may be, receives the carload and distributes its contents to the parties for whom they are intended. The forwarding agent finds his compensation and profit in the difference between the carload and less-than-carload rates."
"The saving effected by securing application of the carload, rather than the less-than-carload, rates may be divided between the forwarding agent and his customer in any agreed proportion. To the extent that the customer secures the carriage of his property at a lower rate than the less-than-carload rate which would otherwise be applied, he saves money, and the division of the difference between the carload and the less-than-carload rates is a matter of private bargain between him and the agent."
The extent to which the right to avail of the carload rating in the various modes above stated had come to be a part of the business of the country is described in the opinion of the Commission in California Commercial Association v. Wells, Fargo & Co., 14 I.C.C. 422, delivered on the same day that its opinion concerning this controversy was announced. The Commission said (p. 433):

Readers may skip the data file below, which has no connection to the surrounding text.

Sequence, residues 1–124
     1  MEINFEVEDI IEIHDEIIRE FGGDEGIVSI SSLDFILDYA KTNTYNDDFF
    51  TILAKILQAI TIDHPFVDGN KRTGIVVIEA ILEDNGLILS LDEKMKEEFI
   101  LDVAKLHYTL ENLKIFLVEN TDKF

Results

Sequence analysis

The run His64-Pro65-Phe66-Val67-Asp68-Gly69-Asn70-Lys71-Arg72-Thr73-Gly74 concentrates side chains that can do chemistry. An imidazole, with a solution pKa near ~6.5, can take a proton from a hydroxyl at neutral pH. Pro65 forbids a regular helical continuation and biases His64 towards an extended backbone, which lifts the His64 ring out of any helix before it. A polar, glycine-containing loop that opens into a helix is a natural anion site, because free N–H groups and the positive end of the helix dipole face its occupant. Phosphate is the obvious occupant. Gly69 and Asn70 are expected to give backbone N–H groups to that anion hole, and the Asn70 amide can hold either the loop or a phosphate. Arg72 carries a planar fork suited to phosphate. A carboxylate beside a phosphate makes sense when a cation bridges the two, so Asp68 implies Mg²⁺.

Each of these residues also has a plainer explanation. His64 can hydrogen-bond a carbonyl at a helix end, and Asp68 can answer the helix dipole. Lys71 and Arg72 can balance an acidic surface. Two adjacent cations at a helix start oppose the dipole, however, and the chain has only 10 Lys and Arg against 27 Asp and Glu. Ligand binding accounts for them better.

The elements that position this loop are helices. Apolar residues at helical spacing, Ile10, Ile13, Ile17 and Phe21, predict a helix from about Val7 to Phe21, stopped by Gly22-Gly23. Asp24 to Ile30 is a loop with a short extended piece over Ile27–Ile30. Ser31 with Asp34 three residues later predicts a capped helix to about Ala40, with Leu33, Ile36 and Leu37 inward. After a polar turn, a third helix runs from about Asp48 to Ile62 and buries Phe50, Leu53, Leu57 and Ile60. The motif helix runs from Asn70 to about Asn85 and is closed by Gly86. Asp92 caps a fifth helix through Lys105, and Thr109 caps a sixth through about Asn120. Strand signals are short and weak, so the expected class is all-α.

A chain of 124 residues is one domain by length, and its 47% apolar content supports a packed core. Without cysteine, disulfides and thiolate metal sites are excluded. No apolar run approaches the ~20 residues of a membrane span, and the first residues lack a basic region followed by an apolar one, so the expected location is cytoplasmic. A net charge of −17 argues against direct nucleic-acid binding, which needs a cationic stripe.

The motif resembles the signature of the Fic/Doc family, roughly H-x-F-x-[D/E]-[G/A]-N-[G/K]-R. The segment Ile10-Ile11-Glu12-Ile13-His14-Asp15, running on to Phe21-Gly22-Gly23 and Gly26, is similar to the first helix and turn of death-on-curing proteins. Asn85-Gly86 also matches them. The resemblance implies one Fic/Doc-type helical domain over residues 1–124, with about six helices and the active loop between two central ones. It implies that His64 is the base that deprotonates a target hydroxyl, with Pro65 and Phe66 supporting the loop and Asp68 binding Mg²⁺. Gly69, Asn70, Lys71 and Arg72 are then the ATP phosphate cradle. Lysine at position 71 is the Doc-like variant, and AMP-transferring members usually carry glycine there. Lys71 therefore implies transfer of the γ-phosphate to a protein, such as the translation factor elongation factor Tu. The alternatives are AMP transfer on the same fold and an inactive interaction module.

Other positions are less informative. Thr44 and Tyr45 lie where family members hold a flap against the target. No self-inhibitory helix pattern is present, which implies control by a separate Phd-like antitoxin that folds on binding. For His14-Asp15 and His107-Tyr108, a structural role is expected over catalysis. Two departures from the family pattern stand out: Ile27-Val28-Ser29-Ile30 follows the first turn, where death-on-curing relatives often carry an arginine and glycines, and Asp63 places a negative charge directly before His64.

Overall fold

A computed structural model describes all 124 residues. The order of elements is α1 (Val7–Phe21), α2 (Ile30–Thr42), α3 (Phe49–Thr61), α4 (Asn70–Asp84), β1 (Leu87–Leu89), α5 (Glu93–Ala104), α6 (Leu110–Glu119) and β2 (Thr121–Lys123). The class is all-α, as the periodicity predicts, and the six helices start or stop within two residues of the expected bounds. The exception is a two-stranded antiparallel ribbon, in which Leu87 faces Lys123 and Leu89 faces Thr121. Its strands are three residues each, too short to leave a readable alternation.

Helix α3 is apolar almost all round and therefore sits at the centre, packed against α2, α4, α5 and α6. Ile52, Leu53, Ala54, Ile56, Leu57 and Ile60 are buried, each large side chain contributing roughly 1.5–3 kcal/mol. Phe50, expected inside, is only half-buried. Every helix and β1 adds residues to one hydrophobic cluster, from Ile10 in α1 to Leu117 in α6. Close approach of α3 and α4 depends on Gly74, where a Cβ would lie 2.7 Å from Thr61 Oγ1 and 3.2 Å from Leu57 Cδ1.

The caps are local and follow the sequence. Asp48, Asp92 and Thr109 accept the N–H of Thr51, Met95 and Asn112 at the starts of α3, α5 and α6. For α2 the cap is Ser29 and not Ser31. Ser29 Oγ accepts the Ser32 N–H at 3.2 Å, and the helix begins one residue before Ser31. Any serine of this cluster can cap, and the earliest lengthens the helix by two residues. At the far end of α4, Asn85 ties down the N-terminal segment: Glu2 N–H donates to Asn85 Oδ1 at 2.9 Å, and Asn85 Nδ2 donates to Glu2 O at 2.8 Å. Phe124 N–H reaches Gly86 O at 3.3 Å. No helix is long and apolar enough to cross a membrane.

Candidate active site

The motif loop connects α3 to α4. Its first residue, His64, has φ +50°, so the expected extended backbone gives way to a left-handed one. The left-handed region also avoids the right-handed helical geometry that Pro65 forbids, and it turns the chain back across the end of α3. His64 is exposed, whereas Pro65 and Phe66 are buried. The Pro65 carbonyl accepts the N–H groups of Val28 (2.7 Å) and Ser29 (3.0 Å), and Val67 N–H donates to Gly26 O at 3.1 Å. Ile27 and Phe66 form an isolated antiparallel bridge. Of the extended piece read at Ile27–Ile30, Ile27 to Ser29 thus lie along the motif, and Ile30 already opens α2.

"Few practices have become more firmly established in the transportation world than that of combining small quantities of freight of various owners and shipping at the relatively lower rates applicable to large consignments, and under this practice has developed an immense volume of traffic which otherwise could never have been brought into being. It is not an exaggeration to say that the enforcement of such a rule by the carriers of the United States would bring disaster upon thousands of the smaller industries, and more surely establish the dominance of the greater industrial and commercial institutions."